In the highly charged debate on curbing illegal immigration, one idea generates a bright display of sparks: mandating English as the US language. It's dubbed either racist or jingoistic, but between those crackling positions there's room for reasoned discussion.
Last month, the Senate sparred over this subject, and sadly, the racist shot was fired. But is it racist to be concerned about the ascendancy of a non-English language in this melting-pot country? Nationally, that language is Spanish, but locally, it can just as easily be Ethiopian or Russian.
Common civic values, not ethnicity or race, unite America. And it takes communication of those values through a single language to hold together the diverse cultures that make the US unique and strong. Look no further than Canada and secessionist-minded French-speaking Quebec to see the splits that develop in the absence of language glue.
Neither is the preservation of English merely overly patriotic. For immigrants, English is the path to a better future – to higher-skilled jobs and meaningful citizenship.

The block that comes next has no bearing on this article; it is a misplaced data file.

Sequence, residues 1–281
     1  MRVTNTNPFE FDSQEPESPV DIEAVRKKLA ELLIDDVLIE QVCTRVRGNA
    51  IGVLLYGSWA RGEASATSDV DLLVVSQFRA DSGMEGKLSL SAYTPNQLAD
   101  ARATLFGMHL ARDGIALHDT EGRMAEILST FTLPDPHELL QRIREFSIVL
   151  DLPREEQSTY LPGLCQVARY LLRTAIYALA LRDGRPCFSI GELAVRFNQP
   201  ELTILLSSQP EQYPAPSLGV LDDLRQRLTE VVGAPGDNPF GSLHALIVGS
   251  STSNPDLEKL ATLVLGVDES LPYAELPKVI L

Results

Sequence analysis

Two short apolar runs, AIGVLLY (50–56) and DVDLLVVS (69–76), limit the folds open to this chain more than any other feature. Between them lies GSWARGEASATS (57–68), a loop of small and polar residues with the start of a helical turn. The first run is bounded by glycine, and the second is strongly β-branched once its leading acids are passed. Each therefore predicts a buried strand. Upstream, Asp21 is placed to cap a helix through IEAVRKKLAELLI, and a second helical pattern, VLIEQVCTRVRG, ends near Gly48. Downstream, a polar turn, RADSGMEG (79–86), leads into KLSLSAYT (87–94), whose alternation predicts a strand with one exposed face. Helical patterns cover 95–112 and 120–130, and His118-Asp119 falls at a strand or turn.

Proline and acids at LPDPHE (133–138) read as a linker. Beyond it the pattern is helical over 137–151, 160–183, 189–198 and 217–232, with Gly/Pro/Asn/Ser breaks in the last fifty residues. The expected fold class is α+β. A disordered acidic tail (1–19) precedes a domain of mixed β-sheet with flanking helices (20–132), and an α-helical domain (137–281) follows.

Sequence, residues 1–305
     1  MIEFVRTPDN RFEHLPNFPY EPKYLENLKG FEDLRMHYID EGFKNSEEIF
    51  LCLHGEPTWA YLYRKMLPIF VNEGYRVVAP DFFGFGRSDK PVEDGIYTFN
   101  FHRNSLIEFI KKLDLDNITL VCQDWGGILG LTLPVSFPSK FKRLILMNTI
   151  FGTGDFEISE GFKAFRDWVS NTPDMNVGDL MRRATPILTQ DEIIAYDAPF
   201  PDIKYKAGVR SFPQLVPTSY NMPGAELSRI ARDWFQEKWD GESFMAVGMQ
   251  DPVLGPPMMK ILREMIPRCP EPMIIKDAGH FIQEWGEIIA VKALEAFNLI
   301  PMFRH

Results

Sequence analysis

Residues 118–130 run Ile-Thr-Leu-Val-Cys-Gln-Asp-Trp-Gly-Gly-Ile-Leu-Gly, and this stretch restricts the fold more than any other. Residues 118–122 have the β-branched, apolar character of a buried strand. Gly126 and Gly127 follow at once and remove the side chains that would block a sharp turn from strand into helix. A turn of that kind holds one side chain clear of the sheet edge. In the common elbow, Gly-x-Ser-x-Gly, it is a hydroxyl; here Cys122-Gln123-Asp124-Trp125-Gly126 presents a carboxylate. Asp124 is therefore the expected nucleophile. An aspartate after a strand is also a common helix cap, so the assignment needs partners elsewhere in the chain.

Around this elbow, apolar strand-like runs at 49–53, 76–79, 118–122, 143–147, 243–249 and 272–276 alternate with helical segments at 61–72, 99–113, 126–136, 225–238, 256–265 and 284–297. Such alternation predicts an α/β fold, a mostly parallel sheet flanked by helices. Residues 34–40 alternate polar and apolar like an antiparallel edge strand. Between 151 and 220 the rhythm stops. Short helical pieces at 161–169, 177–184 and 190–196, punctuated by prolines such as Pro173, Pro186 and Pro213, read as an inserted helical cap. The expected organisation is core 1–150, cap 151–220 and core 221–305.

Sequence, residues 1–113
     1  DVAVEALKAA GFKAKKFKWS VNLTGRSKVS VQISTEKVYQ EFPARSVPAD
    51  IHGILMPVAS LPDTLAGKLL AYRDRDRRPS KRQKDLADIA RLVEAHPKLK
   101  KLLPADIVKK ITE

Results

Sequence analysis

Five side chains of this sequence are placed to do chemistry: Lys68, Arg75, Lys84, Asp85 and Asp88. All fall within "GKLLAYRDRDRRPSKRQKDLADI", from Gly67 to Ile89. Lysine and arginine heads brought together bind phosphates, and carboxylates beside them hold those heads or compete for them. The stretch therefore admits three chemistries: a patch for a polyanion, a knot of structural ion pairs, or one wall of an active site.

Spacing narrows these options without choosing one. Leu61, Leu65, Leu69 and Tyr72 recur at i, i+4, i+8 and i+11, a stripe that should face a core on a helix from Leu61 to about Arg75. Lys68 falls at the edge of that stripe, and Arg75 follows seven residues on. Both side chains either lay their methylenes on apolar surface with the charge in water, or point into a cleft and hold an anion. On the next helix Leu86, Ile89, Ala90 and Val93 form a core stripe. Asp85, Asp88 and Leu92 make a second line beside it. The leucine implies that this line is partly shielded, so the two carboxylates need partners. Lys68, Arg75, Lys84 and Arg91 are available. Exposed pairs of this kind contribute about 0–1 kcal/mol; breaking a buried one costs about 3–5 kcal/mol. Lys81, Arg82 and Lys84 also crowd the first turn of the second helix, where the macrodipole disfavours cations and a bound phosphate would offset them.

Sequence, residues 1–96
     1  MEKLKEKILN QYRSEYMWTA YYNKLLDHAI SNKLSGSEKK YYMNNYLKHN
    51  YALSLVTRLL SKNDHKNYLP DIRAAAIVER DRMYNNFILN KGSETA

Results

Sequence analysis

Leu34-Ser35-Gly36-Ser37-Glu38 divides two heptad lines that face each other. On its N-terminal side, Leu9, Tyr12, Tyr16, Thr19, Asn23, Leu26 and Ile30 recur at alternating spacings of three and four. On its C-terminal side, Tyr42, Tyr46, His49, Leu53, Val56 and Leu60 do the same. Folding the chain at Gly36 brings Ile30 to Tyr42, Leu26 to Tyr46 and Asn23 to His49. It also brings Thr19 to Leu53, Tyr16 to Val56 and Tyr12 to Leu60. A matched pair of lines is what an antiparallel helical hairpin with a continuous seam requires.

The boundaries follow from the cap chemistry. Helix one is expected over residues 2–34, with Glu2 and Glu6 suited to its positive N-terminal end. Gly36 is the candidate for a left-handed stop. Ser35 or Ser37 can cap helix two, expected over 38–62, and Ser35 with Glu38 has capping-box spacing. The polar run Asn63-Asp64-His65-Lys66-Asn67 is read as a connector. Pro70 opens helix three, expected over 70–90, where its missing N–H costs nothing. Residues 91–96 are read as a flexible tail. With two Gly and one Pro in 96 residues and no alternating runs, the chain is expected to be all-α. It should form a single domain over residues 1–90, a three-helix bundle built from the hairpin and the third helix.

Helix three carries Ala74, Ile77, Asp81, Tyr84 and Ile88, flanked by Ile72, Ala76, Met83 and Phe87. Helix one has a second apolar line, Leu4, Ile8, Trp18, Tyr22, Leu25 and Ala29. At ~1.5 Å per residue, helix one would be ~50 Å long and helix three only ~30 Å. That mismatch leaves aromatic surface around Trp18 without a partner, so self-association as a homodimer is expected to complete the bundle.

As Congress considers legislation to preserve English as the nation's language, and as English-only bills are pending in nine states (27 states already have them), it's worth examining how endangered English is.
According to the 2000 Census, 92 percent of the US population age 5 and older has no difficulty speaking English. And a recent Zogby poll shows that a vast majority (84 percent), supports English as the national language, including 71 percent of Hispanics. English is the most studied second language in the world, preferred in many venues.